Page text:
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South Korea expects post-COVID return to normal by end of March

As the Omicron variant of COVID-19 continues to spread in record numbers across South Korea, the Korean government has dropped one social distancing rule after another. It now expects a return to normal by the end of March.

The curfew in catering establishments was extended by one hour to 10 p.m. at the end of February. Bobby Sul, the owner of OBok restaurant, a pork soup restaurant in Busan, said: “I think the fact that the government is easing restrictions despite the number of cases can give the public a sense of security that things are changing. in a positive direction. ”

The application of the national vaccine pass was also suspended on February 28. The decision follows a three-month-old court ruling against the system.

Dong-a IlboSeoul reporters found that electronic QR code scanners had been completely removed from eight of the ten cafes they visited. One owner said he was relieved to have more customers and fewer fights. However, some have expressed concern about the increased likelihood of catching coronavirus from unvaccinated customers. A 60-year-old operator said: “It’s convenient because I don’t have to check every vaccine pass, but I feel more nervous.

The case fatality rate of Omicron infections cited by the government is between 0.2% and 0.3%. The daily death toll set a new record of one hundred and fourteen on February 27, due to the high number of cases. The seven-day average has been rising since February 8. New cases have risen since the start of the year, peaking at 171,000 last week, after Omicron was first detected in Korea in December. Today, 98% of new cases are Omicron.

The government says the break in the vaccination pass is only temporary, but it’s hard to see why or how it could be reinstated. A new vaccine mandate would need to be redesigned to withstand the scrutiny of the courts. Part of the decision said the vaccine mandate is at odds with the government’s plans to return to normal by the end of March. If, as government projections predict, Omicron peaks in mid-March and the country abandons quarantine and social distancing rules thereafter, it would be hard to justify maintaining the mandate.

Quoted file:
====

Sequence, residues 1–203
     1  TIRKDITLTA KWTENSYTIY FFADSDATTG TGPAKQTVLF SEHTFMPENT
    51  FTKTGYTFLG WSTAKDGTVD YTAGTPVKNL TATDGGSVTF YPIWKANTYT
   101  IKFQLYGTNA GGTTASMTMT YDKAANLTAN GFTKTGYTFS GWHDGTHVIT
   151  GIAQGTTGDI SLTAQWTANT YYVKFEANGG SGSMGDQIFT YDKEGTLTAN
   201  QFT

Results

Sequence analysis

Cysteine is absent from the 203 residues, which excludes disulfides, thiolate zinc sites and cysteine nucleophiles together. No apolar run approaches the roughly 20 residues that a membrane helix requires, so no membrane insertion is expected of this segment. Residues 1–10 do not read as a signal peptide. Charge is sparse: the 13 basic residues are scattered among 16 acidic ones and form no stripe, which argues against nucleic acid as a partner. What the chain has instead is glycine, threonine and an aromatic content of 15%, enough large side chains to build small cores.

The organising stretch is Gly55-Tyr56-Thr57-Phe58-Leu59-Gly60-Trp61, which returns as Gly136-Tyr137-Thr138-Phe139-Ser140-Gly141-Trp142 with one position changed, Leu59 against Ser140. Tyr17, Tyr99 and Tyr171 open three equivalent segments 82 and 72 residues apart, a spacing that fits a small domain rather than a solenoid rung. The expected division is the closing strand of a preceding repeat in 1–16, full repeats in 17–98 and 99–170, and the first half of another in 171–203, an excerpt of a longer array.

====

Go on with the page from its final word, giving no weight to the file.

“According to health authorities on February 21, in people under the age of 50, the case fatality rate for Omicron is close to zero. Among fully immunized people of all ages, Omicron is about as or even less deadly than seasonal flu,” reads a Daegu court ruling.

The government also cited the heavy toll Omicron takes on local clinics. Besides vaccination certificates, negative test results are also accepted as a way to enter public facilities. COVID-19 clinics are overwhelmed with having to perform so many tests and issue so many certificates. The Ministry of Public Health says that about half of the 250,000 rapid tests carried out daily in public health establishments are aimed at obtaining a pass to enter.

But if clinics are stressed with around 150,000 positive cases per day, the situation will get worse when cases exceed 200,000. As the number of cases declines, Korea is expected to return to normal. As journalist Kim Do-yoon wrote for News Daum“it was advertised as a temporary suspension, but in fact it is an indefinite suspension” which will only be reimplemented if there is a new variant or other shock that requires it.

There are fears that ending the vaccine will lead to fewer people taking the booster, which is required for full vaccination status within six months of the first two shots, but more than half of Korean adults have received their third vaccine.

The Korean government had already changed tact out of necessity. PCR testing was phased out for most people in favor of rapid testing when the supply of PCR testing could no longer keep pace with Omicron. Record keeping in restaurants ceased, as it was not possible to trace so many cases. The quarantine was reduced from fourteen days to seven. South Korea recognized that there was no realistic way to stop the spread of Omicron and instead prioritized its management.

Jung Hae-hun, professor of preventive medicine at Gachon University College of Medicine, wrote in an op-ed for Hani, “Up to and throughout the Delta wave, policy was focused on stopping the spread of COVID-19 to reduce the number of cases. But now we’ve shifted to a strategy of tolerating the spread while minimizing the damage it causes. This change in policy was inevitable given the lack of alternatives: the Omicron variant is extremely transmissible and less than 5% of Korean adults are still unvaccinated.

Mitchell Blatt is a former editorial assistant at national interest. He is based in Korea where he covers foreign policy, Korean politics, elections and culture. It was published in USA today, South China Morning Post, The daily beast, Korea timeand Winds of silk magazine, among other outlets. Follow him on Facebook at @MitchBlattWriter.

Picture: Reuters.